The Usurper. By William J. Locke. (John Lane. Ca.)— The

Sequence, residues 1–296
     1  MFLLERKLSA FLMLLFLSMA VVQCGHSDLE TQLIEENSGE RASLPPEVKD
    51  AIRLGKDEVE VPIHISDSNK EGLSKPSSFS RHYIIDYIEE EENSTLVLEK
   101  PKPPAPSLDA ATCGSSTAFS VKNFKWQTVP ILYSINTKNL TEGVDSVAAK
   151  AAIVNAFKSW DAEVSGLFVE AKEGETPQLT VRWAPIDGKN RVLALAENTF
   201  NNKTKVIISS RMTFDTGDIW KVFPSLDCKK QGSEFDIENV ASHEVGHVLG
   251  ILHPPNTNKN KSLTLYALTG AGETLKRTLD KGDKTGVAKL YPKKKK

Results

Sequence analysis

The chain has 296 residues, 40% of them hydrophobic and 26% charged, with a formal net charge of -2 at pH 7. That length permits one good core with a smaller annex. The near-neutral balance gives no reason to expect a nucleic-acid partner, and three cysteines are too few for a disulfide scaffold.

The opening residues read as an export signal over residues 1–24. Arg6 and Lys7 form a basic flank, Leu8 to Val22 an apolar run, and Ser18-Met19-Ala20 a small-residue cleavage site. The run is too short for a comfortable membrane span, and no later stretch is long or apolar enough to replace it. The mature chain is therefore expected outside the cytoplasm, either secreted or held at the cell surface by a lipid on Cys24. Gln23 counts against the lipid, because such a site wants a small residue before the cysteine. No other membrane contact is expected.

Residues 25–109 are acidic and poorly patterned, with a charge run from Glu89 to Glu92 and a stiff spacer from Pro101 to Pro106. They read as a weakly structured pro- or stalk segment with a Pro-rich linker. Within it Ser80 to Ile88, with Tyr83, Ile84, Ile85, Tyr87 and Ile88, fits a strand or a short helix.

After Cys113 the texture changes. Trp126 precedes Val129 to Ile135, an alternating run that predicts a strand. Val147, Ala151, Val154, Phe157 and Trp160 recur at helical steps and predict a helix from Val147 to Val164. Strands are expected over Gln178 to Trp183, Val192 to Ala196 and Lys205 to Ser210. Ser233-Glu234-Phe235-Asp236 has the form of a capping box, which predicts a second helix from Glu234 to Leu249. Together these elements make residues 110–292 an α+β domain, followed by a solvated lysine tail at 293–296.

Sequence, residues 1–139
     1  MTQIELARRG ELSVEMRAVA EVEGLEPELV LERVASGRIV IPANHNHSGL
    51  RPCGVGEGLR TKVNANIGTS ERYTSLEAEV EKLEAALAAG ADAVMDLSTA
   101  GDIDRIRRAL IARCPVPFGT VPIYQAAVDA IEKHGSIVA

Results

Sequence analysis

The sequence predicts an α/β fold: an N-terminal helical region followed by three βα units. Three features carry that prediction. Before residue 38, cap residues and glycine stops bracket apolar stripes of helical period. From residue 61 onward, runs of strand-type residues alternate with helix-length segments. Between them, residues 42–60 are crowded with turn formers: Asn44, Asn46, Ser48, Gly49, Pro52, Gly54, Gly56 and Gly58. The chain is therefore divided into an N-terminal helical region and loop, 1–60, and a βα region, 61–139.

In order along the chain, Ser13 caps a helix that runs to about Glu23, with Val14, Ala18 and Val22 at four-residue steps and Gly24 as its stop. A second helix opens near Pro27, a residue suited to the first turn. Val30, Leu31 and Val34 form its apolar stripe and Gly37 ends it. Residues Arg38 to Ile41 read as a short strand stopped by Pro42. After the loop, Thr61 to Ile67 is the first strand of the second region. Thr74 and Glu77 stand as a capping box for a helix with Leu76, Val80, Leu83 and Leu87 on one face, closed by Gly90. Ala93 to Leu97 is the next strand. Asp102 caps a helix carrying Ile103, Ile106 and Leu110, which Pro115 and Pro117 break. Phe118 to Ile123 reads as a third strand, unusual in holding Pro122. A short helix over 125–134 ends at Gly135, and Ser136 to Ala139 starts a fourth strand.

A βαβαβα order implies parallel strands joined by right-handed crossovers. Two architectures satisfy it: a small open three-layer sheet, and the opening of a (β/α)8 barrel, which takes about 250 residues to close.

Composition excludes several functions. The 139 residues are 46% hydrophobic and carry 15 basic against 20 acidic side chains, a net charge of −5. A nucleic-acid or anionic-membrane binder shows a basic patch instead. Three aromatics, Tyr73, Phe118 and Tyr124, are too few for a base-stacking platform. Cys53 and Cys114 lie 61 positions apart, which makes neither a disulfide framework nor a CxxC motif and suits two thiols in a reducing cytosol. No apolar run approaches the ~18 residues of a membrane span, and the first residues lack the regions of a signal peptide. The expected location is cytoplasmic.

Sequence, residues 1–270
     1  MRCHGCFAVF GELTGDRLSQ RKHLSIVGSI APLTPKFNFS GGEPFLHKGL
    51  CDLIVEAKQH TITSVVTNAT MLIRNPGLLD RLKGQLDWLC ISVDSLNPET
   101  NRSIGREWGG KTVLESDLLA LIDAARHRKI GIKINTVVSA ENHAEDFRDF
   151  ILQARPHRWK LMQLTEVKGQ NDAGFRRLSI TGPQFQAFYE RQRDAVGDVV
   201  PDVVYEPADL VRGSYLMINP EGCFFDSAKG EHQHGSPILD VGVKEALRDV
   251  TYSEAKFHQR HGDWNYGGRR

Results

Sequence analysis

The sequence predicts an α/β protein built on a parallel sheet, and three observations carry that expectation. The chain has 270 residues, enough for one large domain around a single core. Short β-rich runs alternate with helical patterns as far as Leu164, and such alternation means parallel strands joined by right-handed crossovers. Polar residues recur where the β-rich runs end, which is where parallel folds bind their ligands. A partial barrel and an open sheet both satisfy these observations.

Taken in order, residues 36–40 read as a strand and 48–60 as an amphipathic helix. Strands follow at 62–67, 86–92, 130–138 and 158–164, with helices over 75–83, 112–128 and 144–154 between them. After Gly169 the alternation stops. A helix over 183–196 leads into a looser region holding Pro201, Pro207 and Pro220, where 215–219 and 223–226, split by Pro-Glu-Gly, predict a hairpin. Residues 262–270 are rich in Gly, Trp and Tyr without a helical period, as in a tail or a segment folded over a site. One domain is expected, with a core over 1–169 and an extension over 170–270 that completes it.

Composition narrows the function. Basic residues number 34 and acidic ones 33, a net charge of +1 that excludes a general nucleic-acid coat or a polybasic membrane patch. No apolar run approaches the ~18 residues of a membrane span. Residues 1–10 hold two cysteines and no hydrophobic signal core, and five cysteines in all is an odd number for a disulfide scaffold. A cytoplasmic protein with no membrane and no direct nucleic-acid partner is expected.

Usurper is a novel with two heroes and two heroines, and a. double plot of love and ambition, in which the destinies of the. four cross one another. The romance of the poet who dies young, beloved of all men and women, is very pretty and. moving. But the stronger interest of the book lies in the work- ing out of Jasper Vellacot's life and character : the millionaire who sits so amazingly loose to his wealth, the philanthropist who is almost ashamed of his good deeds. The secret of the situation. is told by the title. Jasper is the" usurper." One reckless act of dishonesty—done years ago in the bush—gave him the key to the' limitless gold that flows in upon him from all quarters. And the art of the story occupies itself with making this gold a curse to- him, inasmuch as the duties entailed by his philanthropies bind. him to the false position when he would give all he has to be a. free man—able to be honest, and, being honsst, to marry Lady Alicia Harden. Character and plot are most ingeniously wrought,. and the conclusion, when it comes, is fully satisfying.